It's still a stretch to talk about Black Dice as a formalist collective, but the Brooklyn band's migration from loose noise to something more structured counts as one of the most intriguing narratives in the art-rock underground. In the beginning, around the turn of 2000, Black Dice became notorious for playing antagonistic post-hardcore punk shows in dramatically darkened rooms. It was a badge of honor to have gotten hurt, or at least certifiably scared, during one of their lashing affairs, which rated as physical ordeals as much as aural experiences.
Then, starting with their 2002 DFA album Beaches and Canyons, Black Dice repositioned themselves as an unusually gritty kind of ambient band. They took to standing stock-still behind tables of sequencers and effects, with occasional drumming the only thing to count as even remotely gestural. The change to stand-around gear happened around the same time as that of their compatriots in Animal Collective, but Black Dice's shift signified something different: hermetic, internal systems-like ideas, as opposed to Animal Collective's more external, ecstatic musings.
Four albums and lots of heady grinding later, Repo draws on that same analytical zeal while also expanding a sound that's increasingly more realized and strategic. With its steady forward movement and messy pointillist pillars thrown up where concise beats might be, the opening "Nite Crème" marks Black Dice's slow, lurching move towards something like techno. It wouldn't tear up any Berlin warehouse, to be sure, but thinking about techno proves useful to Repo: Where lots of techno artists have moved away from austere formalism toward more liberated outbursts of noise (see Ricardo Villalobos, Audion, any producer who treats where beats fall as a means more than an end), Black Dice, as a band, have effectively moved in the opposite direction, toward a richly murky meeting ground somewhere in the middle.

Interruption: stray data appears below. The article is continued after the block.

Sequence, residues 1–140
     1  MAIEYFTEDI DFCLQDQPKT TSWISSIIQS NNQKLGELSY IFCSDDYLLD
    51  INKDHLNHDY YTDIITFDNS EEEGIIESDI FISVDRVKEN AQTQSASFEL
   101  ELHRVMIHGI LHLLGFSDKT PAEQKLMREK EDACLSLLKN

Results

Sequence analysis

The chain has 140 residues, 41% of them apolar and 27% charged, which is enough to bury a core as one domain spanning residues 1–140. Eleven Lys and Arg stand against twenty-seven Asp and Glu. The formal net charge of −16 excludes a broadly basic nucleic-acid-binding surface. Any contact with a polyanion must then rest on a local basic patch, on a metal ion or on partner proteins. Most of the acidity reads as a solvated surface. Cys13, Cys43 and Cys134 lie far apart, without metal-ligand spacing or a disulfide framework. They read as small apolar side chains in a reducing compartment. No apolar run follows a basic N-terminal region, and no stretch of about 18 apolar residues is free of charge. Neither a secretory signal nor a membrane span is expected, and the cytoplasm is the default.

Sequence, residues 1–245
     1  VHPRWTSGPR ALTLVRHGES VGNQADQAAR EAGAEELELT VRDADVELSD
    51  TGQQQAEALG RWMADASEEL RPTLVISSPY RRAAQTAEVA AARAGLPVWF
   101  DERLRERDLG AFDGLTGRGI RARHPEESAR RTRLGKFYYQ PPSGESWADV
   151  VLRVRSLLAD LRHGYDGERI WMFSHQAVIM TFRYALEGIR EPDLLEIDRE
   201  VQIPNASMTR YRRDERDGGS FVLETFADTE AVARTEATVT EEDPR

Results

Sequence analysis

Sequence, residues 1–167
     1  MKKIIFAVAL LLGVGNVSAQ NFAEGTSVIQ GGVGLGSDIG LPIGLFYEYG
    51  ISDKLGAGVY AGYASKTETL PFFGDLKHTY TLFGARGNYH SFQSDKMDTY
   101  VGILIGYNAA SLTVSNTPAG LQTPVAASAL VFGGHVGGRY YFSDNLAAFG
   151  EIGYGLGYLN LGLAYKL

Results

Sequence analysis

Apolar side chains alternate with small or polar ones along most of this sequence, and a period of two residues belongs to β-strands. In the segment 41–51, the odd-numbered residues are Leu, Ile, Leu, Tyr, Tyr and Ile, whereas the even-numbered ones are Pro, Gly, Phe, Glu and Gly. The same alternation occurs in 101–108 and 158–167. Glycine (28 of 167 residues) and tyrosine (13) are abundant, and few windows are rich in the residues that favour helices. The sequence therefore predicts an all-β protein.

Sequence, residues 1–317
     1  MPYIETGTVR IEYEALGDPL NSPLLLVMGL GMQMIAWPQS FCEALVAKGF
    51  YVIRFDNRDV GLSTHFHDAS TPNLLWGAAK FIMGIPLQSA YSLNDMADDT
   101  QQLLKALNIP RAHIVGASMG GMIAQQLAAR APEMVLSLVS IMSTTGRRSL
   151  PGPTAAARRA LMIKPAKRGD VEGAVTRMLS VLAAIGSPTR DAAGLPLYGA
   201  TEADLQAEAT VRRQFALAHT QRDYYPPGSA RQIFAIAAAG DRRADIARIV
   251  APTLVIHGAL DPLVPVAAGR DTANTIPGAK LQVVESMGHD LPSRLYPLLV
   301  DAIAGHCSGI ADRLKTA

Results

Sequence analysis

Much of Repo makes good on that same sort of bottom-up drift toward cohesion, whether rhythmic or not. "Glazin" plays similar sleight-of-hand with the calm pulse of reggae: As a sampled guitar clip gets infested with all kinds of anxiously granulated textures and whirs, a warm bass-line starts to roll contentedly beneath it. In "Earnings Plus Interest", a sampled drum break that could be sourced from 1980s hip-hop or 90s big-beat starts out splashy but then turns stoic, as clutches of noise crash all around it.
Those patented Black Dice clutches of noise sound more specifically placed on Repo than they did on 2007's Load Blown, an album that seemed to prioritize textural smear more than simple rhythm or spacing. Repo is still abstract in a similar and smeary way, but it sounds like Black Dice have gotten a better handle on their gear-- as if, having learned how to make more and more different noises on more and more different machines, part of their project has turned more toward what exactly to do with those noises. In those terms, highlights like "La Cucaracha" and "Lazy TV"-- with coolly stuttering use of a delay-glitch as quasi-African guitar and lots of warped DJ Screw drama, respectively-- qualify as compositions, however decomposed they prove. *Pitchfork